GREEN ALLEY INITIATIVE
With Los Angeles facing the effects of climate change — rising temperatures, pollution and flooding — the city launched its sustainable city plan in 2015. The goal: a Los Angeles that would be environmentally healthy, economically prosperous and equitable in opportunity for all during the coming 20 years. The plan focuses on short-term results and long-term goals that will transform the city.
As described in the plan, key principles of this initiative include:
- A commitment to the Paris Climate Agreement and to act urgently with a scientifically driven strategy for achieving a zero-carbon grid, zero-carbon transportation, zero-carbon buildings, zero waste and zero wasted water.
- A responsibility to deliver environmental justice and equity through an inclusive economy, producing results at the community level, guided by communities themselves.
- A duty to see that every resident can join the green economy, creating pipelines to well-paying green jobs and a transition to the changing work environment.
- A resolve to demonstrate the art of the possible and lead the way, walking the walk and using the city’s resources to drive change.
American Society of Civil Engineers (ASCE) international conferences on sustainable infrastructure (ICSI) highlighted the Greater Los Angeles regional commitment to finding solutions to sustainable infrastructure. As a part of this, the ICSI conference in 2019 focused on creating impacts to the region in a meaningful way that carried forward after the conference was over. One example included developing an initial green alley design that would meet or otherwise align with the plan. The proposed design would transform the alley between the Watts Civic Center, Kaiser Permanente and Children’s Institute properties into a connecting, sustainable, active green space for the community and is still in progress. This location is critical because it is:
- In the most densely populated community in LA with subsidized low-income housing.
- Adjacent to several community resources including the Ted Watkins Memorial Park.
- Near major transportation corridors including Interstates 105 and 110; the Metro A Line, formerly Blue Line; and the Alameda Corridor.
Los Angeles County Metropolitan Transportation Authority (LA Metro) is a leader in maximizing transportation efficiency and performance while minimizing energy consumption, waste and pollution. While a new tax revenue will fund these transportation improvements, the various projects will need environmental resources and sufficient experience to achieve the desired impact.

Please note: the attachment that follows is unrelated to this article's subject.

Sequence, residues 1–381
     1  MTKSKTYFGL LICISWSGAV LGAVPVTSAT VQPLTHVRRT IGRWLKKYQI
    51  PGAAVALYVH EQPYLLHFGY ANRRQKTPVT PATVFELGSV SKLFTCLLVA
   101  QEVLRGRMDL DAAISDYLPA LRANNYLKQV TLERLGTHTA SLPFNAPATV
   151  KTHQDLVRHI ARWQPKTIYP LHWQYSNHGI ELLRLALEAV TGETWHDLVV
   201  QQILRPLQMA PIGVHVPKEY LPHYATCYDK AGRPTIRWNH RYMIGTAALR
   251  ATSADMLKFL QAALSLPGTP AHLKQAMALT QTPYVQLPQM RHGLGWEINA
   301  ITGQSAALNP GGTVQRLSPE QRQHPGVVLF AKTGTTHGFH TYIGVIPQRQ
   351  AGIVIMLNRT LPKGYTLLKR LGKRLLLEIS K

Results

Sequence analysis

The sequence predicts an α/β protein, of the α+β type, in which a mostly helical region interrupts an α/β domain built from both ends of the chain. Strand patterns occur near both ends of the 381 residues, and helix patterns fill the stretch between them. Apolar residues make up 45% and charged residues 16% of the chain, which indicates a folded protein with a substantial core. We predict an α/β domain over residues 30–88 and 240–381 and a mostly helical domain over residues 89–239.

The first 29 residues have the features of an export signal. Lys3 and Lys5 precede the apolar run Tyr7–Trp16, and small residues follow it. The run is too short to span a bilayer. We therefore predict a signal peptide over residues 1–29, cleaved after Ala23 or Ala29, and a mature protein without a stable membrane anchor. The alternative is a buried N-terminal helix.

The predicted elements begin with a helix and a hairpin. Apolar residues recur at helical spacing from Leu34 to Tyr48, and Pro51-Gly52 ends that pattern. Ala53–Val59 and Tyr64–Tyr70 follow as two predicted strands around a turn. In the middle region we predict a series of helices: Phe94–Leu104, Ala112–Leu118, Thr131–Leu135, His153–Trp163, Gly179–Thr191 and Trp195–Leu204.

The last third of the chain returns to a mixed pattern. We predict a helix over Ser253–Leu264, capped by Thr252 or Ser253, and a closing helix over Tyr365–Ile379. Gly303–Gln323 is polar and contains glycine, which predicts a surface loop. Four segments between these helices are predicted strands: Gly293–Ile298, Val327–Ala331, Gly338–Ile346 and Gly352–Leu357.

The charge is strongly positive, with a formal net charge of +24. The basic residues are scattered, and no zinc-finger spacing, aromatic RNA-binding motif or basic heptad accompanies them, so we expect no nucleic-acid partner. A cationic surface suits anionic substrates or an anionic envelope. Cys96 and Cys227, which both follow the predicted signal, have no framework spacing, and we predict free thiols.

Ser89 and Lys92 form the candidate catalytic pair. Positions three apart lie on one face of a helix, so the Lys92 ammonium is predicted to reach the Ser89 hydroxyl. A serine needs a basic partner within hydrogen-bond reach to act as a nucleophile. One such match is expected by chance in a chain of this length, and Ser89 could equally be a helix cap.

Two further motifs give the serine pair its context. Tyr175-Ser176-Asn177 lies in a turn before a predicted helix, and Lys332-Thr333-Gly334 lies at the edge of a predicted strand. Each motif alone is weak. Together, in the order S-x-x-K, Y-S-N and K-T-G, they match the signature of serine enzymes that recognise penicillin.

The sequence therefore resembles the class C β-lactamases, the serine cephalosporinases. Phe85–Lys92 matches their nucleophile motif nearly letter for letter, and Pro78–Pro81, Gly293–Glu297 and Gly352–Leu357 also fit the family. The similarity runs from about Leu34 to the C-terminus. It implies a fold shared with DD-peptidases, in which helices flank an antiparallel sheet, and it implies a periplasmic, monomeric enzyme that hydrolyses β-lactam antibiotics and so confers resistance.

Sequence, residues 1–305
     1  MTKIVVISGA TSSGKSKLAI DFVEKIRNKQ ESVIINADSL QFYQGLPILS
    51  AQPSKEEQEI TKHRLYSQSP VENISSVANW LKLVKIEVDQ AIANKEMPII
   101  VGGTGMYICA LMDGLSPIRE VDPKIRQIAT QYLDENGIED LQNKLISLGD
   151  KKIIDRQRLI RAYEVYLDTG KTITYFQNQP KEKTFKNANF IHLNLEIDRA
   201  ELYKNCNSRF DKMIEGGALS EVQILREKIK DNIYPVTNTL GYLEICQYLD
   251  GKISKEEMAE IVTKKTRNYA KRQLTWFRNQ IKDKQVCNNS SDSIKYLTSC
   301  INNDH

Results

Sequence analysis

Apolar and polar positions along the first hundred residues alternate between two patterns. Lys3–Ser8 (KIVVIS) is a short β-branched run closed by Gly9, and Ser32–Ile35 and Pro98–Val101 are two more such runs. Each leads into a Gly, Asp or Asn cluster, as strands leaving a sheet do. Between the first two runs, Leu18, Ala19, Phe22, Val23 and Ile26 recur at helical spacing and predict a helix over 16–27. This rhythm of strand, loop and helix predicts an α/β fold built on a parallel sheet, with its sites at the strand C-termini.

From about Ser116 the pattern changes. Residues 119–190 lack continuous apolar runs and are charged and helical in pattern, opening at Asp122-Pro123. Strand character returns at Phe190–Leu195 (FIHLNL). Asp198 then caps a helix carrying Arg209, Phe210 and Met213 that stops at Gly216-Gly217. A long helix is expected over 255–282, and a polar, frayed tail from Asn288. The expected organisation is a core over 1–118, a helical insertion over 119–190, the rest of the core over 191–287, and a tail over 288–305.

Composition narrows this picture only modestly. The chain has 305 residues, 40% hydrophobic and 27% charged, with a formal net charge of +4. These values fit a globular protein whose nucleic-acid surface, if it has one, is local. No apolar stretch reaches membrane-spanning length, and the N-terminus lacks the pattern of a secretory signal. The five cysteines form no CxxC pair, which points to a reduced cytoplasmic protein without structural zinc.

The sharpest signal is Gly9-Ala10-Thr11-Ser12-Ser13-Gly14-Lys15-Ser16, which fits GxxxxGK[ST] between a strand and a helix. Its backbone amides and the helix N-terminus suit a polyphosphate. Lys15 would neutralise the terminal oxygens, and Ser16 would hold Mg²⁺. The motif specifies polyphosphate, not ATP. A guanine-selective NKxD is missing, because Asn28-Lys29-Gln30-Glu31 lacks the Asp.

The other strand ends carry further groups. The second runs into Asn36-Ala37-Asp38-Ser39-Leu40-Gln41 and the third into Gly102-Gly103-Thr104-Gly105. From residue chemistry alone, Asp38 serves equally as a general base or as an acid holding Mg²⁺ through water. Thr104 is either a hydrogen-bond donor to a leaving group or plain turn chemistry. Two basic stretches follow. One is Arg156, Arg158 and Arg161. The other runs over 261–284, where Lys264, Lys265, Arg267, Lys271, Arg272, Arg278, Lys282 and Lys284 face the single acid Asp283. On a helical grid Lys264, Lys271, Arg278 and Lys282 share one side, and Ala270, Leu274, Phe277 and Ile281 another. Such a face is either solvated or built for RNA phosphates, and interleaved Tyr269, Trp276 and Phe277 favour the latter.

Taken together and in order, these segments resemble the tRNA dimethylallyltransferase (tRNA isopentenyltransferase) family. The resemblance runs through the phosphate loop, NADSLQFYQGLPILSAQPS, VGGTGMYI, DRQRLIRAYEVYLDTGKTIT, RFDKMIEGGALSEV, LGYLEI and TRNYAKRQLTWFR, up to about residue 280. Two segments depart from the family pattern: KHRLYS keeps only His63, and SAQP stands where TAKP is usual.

Burns & McDonnell is providing environmental compliance and sustainability support services for LA Metro. As it connects thousands of passengers daily to destinations throughout the region, we are helping implement sustainable solutions for new rail routes and bus stations.
In 2020, LA Metro named its first-ever chief sustainability officer to secure its $140 billion infrastructure program and its 28 transportation and transit projects that must be completed by 2028, when the city will host the Summer Olympics. The addition of this position allows LA Metro to continue building on its commitment to deliver climate adaptable and resilient projects as part of its Climate Action and Adaptation Plan.
Our team was asked to support this chief sustainability officer and LA Metro’s Environmental Compliance and Sustainability Department (ECSD), as well as its ongoing transportation operations and new capital projects with qualified personnel, processes and innovative tools needed to deliver stakeholder value.
These solutions focus on minimizing environmental impacts through their design, construction and operations. We are providing support to develop sustainable infrastructure solutions through:
- Hazardous waste, stormwater, air quality and geographic information system (GIS) consulting
- Project management and project controls
- Civil, environmental and transportation engineering
- Environmental construction, design, planning and analysis support
- Sustainability support
- Stakeholder communication, including education and outreach
LOW-IMPACT GREEN INFRASTRUCTURE INITIATIVE
In 2010, to meet the requirements of the Clean Water Act, the City of Kansas City, Missouri, entered into a federal consent decree to complete a series of projects to reduce combined sewage overflows that were happening 35 times annually on average. The improvement costs are estimated at $4.5 billion over 25 years, which would require completing and implementing the control measures by 2035.
Improvement projects included piloting green infrastructure technologies in the Middle Blue River watershed. Burns & McDonnell was hired design green infrastructure to manage stormwater before the runoff reaches the combined sewer system, with the goal to reduce the frequency of overflows within this watershed. The resilient design included integrating bioretention into existing parks and boulevards in combination with more traditional gray stormwater infrastructure to provide a stormwater solution for the project area.
Upon completion of these improvements, the sewer system did not experience more than six overflow events per year, captured more than 96% of wet weather flows within the basin, and helped the city meet the terms of its consent decree. Additionally, the new green infrastructure features allowed for increased pedestrian traffic and more visually appealing community amenities and educational opportunities.